Since ancient Greece it has been appreciated that pattern and form pervade the living world, from the arrangements of leaves to the spiral shapes of shells. But it was only in the mid-twentieth century that scientists discovered mathematics at the very core of life.
In 1952 Francis Crick and James Watson discovered the famous double helix structure of DNA, in which the instructions for all known life are inscribed. The vital information is stored as sequences of four molecules, called bases, best-known by their letters A, C, G and T. Rather than words, the letters spell out a mathematical code.
A key function of DNA is to specify the manufacture of proteins, the workhorses of biology. Proteins are made from small molecules, amino acids, strung end to end, typically several hundred in total. There are dozens of possible types of amino acids, but life uses only 20. The properties of a given protein depend on the precise sequence of amino acids that form it, and that sequence is specified by a segment of DNA. Translation between the four-letter alphabet of DNA and the 20-letter alphabet of proteins requires a code. Known simply as the genetic code, it was cracked in the 1960s.
If life used only four amino acids the arithmetic would be simple: each base could stand for a different protein. But to accommodate 20, the bases are grouped into triplets: ACT, GCA and so on. Each triplet is called a ‘codon’. There are 64 possible codons, which is more than enough to specify 20 amino acids. As a result, there are plenty of spare codons. Some are used for punctuation, but the rest code for the same 20 amino acids, implying a lot of redundancy. For example, the amino acid arginine is specified by six different codons: CGT, CGC, CGA, CGG, AGG, and AGA.
One of the most striking features of life on Earth is that the genetic code used by all known organisms is strikingly similar, with few differences across species, implying it was used by the common ancestor of all life, billions of years ago. Given the combinatorial possibilities of specifying 20 amino acids from 64 codons, there are more potential codes than there are atoms in the universe, which prompts the question of whether the actual codes in use are special in some way.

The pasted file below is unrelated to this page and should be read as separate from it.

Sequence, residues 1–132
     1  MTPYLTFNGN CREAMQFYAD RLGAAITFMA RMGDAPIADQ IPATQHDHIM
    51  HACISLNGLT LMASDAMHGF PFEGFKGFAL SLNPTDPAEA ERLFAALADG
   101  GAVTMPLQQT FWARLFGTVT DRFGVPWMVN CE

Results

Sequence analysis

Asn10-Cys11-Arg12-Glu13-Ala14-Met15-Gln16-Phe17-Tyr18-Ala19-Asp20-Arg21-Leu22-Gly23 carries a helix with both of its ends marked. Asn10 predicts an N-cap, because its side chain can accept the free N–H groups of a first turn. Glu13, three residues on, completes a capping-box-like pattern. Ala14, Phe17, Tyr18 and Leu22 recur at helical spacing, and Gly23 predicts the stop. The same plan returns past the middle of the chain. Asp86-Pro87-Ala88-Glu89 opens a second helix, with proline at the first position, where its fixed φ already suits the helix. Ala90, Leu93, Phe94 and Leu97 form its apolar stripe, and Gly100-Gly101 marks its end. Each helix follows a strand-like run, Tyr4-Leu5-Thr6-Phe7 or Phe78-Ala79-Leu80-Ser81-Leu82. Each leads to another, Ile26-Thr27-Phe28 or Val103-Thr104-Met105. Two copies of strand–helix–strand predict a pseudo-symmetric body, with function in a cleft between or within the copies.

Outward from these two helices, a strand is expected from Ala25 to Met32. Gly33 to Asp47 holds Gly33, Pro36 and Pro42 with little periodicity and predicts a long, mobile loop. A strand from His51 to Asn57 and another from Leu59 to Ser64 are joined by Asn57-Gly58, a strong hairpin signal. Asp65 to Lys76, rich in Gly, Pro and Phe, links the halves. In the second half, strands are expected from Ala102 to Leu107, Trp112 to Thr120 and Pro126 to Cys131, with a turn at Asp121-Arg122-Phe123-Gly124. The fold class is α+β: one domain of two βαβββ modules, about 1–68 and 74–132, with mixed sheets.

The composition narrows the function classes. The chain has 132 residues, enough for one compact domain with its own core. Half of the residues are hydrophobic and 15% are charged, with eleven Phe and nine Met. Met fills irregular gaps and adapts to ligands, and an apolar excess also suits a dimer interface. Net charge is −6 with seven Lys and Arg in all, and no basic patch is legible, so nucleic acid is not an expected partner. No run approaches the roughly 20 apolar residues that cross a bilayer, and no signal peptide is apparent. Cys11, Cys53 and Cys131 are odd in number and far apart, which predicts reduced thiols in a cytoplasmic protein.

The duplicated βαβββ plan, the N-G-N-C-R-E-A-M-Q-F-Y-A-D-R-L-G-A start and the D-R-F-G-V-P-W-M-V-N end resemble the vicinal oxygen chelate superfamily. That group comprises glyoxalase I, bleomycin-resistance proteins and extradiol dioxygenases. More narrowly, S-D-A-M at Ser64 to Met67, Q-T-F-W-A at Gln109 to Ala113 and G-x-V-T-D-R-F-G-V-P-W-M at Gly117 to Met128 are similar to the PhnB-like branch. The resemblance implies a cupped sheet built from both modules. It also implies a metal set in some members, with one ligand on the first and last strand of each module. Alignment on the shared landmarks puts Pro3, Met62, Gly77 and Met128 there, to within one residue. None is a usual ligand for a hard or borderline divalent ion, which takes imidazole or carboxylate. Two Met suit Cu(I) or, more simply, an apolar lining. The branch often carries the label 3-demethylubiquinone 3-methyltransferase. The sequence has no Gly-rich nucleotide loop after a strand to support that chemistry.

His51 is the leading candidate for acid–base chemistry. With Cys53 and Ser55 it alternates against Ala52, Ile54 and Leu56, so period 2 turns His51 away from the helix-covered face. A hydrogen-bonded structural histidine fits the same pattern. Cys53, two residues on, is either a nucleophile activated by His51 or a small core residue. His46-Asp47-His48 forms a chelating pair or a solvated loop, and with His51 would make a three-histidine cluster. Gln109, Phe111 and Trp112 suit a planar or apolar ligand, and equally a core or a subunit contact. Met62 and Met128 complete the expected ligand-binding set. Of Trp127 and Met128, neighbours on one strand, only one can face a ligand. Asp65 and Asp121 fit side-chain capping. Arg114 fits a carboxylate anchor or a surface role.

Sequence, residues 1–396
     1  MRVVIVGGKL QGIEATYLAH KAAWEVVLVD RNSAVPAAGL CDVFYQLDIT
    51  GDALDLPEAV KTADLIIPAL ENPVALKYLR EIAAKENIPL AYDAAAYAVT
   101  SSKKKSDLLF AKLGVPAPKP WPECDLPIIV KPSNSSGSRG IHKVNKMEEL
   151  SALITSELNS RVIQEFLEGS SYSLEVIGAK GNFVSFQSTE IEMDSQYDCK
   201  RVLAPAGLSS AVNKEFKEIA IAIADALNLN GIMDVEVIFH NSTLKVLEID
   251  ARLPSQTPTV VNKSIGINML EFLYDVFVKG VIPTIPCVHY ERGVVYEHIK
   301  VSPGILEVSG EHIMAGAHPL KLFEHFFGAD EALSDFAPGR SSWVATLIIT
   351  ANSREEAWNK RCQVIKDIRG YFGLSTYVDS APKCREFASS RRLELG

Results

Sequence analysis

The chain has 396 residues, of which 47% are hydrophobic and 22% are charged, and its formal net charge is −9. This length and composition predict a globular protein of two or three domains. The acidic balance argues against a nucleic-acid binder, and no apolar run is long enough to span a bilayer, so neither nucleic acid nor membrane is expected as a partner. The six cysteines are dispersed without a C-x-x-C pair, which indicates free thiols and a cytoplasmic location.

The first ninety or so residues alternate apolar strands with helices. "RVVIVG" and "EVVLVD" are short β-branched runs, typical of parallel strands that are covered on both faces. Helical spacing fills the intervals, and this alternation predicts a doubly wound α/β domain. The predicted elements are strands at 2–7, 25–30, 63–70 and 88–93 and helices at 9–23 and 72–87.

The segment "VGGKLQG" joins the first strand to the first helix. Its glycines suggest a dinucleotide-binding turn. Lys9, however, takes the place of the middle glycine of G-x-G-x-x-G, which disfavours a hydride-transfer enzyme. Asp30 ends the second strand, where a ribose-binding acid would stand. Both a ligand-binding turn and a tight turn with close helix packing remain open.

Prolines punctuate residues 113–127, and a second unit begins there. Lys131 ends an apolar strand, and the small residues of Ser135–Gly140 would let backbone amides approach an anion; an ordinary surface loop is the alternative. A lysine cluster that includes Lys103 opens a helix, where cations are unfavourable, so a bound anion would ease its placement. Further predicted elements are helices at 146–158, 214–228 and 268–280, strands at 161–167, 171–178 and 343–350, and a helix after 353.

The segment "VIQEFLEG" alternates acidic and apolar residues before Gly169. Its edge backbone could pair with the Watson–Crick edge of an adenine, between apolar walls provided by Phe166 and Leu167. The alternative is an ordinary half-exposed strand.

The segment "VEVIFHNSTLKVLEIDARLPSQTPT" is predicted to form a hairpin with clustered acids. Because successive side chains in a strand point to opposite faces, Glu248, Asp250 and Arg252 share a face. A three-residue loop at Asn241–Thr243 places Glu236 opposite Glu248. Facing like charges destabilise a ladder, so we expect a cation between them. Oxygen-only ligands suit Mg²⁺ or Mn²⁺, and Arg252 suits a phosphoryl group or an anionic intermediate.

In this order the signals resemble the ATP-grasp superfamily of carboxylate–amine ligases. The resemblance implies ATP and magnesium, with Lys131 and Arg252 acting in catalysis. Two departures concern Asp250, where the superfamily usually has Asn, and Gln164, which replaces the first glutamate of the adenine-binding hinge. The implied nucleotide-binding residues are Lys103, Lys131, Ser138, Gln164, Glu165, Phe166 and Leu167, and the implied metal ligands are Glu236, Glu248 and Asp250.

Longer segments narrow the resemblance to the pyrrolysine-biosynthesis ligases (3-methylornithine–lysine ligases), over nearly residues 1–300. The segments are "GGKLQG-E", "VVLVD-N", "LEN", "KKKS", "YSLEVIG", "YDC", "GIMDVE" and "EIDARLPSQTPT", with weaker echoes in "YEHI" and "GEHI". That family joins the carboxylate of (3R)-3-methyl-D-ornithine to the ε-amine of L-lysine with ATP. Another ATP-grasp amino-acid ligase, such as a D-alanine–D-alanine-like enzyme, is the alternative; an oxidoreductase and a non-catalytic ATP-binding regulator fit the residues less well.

Look again at the list of six codons that specify arginine – each differs from its neighbours by a single letter. And the other two codons starting with AG encode serine, an amino acid chemically similar to arginine. So if a mistake occurs in translation the protein is still likely to end up with arginine or a minimally disruptive substitution.
Looking across all the protein families, the code we ended up with seems to be particularly forgiving of mistakes.
If the code is optimised for robustness, then natural selection must have chosen it among less efficient competitors. And that implies it hasn’t always been fixed, but co-evolved with primitive life. Which raises a fascinating possibility. Might there still exist microorganisms using an earlier, simpler version?
Such ‘living fossils’ could easily have been overlooked because searches for novel microbes are customised to spot the code as we know it and would not pick out any ‘aliens’. If a primitive form of life restricted its protein components to, say, 10 rather than 20 amino acids, then a doublet code involving pairs rather than triplets of bases would suffice, providing 16 codon possibilities. Finding such organisms would be the biggest advance in biology since Darwin.
An even more intriguing idea is that the code contains hidden mathematical patterns.
Peter Jarvis of the University of Tasmania presented evidence some years ago that a property known as supersymmetry – a particle physics concept for unifying particles of matter, like electrons, with particles that convey nature’s forces, such as photons – lies buried in the arrangement of the 64 coding assignments. Why such a pattern would be embedded in the code of life is a complete mystery.
Because the origin of the code, along with that of life, is lost, there is plenty of scope for speculation. Is there a code within the code, pointing to deep organisational principles yet to be uncovered?
Is 64 merely the tip of a numerical iceberg concealing a web of mathematical subtleties? The Greek philosophers would surely have agreed: to paraphrase Pythagoras, number is within all living things.
Paul Davies is Regents' Professor and Director of the Beyond Centre for Fundamental Concepts in Science at Arizona State University. He is also a prolific author, and Cosmos columnist.
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